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It’s been a year since Facebook launched its semantic search engine called Graph Search. For many users accustomed to the traditional keyword-based search style they use on other search engines such as Google or Bing, it has been a difficult adjustment. Whether you just want to connect with friends and family, or you’re utilizing Facebook to promote your business, Graph Search can bring a lot more value to your experience on the social media platform once you understand the concept behind it and how to use it.

First of all, it is important to understand why Facebook uses Graph Search for its user data and refers to Bing for searching the web. Basically, Graph Search runs on your associations with people, places, things, and events, and the similar associations of those close to you. Using Graph Search is basically like searching your own personal Internet. This works great for Facebook, because the data they have is primarily association-based. It is easy for Graph Search to mine Facebook and show you “photos taken in New York uploaded by my friends,” but if you type in “the state bird of New York,” you get a hodgepodge of results. Type these same searches into Google, and the opposite happens. The first gives you incomprehensible results, while the second immediately presents you with a picture of an Eastern Bluebird.

So, how is this useful? Well, let’s say you wanted to organize a dinner gathering for friends at a seafood restaurant, but you were unsure of where to go. Using Google, you would probably type in “seafood restaurants” and the town in which you live. You would then review the results and possibly look for user ratings to assess which is the best choice.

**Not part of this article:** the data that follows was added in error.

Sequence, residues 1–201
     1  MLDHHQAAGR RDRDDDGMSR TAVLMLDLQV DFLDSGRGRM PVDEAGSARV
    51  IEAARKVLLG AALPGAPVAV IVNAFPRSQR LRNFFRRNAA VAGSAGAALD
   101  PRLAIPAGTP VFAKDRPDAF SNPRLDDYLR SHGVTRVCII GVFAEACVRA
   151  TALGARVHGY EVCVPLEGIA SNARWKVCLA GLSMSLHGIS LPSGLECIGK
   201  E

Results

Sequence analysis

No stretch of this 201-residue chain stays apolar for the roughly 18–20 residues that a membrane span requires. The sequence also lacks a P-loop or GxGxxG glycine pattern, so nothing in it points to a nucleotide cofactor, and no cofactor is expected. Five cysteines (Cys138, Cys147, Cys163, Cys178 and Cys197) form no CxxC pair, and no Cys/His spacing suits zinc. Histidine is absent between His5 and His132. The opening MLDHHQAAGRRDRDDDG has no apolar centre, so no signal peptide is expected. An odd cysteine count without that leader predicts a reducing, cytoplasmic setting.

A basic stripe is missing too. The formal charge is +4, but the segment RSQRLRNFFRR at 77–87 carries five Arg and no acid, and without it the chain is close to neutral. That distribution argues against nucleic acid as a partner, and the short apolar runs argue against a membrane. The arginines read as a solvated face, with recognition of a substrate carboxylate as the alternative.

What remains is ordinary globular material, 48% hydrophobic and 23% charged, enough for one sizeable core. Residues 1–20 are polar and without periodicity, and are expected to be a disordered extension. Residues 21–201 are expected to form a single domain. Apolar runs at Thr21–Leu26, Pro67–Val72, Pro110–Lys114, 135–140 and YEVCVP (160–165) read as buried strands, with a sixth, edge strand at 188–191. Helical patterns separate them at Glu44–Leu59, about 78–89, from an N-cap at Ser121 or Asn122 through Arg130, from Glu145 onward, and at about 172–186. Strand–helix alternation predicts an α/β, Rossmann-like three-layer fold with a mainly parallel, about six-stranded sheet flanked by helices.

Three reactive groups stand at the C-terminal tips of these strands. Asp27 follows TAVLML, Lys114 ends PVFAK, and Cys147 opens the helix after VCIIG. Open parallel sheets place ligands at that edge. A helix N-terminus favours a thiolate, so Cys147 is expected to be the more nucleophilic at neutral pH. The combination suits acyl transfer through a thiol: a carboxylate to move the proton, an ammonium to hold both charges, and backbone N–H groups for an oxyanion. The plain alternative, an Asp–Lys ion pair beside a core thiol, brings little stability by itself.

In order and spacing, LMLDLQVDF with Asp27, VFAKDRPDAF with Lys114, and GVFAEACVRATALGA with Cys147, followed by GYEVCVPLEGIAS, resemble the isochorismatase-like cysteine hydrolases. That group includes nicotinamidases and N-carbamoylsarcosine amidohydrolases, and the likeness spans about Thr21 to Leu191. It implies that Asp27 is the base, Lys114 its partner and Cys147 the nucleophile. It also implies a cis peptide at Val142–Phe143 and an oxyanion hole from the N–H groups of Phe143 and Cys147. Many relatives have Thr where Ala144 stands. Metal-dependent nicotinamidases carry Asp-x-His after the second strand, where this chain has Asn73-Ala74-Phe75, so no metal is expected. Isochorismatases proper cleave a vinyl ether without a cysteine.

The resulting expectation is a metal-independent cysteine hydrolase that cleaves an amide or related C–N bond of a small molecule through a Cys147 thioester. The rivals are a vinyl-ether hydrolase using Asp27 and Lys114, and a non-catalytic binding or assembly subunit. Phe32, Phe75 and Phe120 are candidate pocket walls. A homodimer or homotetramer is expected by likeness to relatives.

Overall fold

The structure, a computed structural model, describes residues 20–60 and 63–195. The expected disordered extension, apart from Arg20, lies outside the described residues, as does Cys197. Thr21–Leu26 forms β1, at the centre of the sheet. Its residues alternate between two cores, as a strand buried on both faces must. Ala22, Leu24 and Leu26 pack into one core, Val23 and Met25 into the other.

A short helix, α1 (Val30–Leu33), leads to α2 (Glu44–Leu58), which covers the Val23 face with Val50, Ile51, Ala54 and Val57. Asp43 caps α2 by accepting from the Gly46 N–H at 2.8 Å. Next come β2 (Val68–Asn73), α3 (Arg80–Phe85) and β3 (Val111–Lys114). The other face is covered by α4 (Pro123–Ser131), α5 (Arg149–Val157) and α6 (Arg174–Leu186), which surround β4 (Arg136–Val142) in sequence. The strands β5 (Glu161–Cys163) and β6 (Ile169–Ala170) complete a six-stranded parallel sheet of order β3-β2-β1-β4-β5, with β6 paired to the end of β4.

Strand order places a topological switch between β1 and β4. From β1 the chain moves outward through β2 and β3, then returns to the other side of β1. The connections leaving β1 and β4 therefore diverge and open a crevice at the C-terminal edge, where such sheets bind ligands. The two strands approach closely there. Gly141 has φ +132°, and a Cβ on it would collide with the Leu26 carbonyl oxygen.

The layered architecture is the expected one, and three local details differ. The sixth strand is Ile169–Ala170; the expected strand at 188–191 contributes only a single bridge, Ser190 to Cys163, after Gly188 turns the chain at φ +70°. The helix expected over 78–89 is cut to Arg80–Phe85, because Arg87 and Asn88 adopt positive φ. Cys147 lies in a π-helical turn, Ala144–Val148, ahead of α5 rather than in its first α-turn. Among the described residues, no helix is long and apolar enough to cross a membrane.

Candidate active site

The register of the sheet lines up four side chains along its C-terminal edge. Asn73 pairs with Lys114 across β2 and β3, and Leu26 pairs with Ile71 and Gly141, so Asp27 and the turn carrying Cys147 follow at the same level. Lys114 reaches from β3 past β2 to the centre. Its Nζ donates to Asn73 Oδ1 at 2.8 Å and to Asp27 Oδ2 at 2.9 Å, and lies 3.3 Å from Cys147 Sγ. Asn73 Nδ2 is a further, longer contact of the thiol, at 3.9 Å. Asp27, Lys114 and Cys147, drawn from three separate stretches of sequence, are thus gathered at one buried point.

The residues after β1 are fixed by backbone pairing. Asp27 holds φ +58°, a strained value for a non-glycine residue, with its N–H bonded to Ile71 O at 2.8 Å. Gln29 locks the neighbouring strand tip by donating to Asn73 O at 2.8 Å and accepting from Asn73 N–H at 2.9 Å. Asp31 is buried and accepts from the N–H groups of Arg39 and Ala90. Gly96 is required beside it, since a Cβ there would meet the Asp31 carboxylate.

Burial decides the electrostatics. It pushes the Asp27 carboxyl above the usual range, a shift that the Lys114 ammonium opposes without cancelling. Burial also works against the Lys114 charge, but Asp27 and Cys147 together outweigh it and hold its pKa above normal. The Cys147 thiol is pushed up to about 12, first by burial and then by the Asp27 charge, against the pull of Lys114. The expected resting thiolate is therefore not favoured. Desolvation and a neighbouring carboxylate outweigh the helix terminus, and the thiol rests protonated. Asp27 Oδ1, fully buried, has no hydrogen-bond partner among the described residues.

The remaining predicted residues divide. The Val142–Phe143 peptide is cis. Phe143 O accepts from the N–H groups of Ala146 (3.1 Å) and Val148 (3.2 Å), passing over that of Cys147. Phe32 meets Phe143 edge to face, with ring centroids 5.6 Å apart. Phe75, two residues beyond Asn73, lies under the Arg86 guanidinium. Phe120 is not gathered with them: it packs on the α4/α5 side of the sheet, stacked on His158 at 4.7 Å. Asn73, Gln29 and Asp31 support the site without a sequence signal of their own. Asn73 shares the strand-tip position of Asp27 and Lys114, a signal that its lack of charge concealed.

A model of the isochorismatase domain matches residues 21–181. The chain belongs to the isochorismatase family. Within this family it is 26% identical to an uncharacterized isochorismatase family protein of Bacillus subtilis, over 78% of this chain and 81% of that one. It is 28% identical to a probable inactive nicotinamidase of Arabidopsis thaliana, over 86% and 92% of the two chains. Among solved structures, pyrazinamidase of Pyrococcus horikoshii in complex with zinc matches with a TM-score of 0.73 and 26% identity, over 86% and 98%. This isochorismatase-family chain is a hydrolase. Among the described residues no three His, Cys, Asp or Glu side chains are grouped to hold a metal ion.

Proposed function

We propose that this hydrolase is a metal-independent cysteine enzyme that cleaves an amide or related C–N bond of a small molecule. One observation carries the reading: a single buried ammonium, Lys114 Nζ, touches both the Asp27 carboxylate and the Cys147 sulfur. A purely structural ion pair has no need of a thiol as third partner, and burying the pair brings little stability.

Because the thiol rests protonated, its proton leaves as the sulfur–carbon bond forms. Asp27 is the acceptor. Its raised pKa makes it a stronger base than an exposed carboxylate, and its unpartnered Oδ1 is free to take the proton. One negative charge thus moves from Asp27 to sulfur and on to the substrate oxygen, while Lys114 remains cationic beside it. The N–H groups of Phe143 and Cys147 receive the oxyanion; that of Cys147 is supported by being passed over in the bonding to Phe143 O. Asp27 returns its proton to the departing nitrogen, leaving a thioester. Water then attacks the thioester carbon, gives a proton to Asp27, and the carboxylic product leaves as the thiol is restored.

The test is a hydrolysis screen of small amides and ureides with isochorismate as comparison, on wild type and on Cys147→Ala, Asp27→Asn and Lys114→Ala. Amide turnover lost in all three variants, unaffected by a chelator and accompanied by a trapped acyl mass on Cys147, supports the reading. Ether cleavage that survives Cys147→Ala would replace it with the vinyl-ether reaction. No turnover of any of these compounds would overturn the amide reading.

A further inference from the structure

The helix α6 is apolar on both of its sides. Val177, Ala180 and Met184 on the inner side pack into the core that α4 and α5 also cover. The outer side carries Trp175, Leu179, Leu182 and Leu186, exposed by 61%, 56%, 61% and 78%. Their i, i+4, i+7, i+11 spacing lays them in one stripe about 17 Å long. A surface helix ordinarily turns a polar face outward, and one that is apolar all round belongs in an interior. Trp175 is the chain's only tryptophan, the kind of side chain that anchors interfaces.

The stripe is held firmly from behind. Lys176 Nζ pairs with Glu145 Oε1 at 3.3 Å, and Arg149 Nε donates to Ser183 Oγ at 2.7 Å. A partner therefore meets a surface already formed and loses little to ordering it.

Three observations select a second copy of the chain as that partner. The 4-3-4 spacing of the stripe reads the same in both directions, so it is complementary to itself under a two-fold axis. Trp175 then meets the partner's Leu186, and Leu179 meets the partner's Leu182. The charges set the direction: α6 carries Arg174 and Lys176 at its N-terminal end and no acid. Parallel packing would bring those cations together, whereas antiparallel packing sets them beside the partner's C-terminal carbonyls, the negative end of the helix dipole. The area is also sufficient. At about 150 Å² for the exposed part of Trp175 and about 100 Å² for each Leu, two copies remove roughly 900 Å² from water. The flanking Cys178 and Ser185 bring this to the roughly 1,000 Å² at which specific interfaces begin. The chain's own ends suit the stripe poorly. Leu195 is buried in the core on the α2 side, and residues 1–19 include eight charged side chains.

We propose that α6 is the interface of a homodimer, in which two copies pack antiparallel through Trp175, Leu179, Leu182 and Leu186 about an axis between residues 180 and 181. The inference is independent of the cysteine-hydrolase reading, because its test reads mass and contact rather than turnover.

Altering the way you search on Facebook provides you with a wealth of information. A search such as “seafood restaurants in (my town) that my friends like” will not only help you determine which restaurant to go to, but you can also make your guest list with this search: “Friends from (my town) who like seafood restaurants.”

If you are a small business owner who questions the value of social media, alarm bells should be going off for you right now. As more social media associations are integrated into search, the more critical it will be to build online connections with your customer base. And this doesn’t just apply to Facebook. Last year, Google made the move to a more semantic-based algorithm (see our blog post on Google Hummingbird), and with Google+ gaining new users every day, it’s just a matter of time before some of the Facebook searches we used as examples will work equally well on Google by pulling social media information from Google+. As for Bing, it is pretty clear why they are cozying up with Facebook — if they don’t, they are going to lose big in the next round of search wars.

The mobile explosion is another very important aspect to consider as search becomes more semantic and connection-based. Not only is the mobile market expanding, but it’s also where some of the most important social media connections take place: check-ins, tagged photos, likes, follows, etc. A mobile-optimized website makes your physical business more appealing to your cell phone-clutching customer base, and will prove to be more and more critical to brick-and-mortar small business success (click here for more on technology developments between mobile and brick-and-mortar retail). If you own a seafood restaurant that didn’t come up on the searches above, you could start getting more creative with your online presence — for example, by adding QR codes to your menus that interact with your social media, or by running specials for your followers.

A lot of change lies on the horizon in terms of Internet search, and it looks like it will sneak up on us gradually and organically, rather than coming by way of a product roll-out or press announcement. This means you have an opportunity to get ahead of the game and pay closer attention to how you and your business connect to people, places and things.

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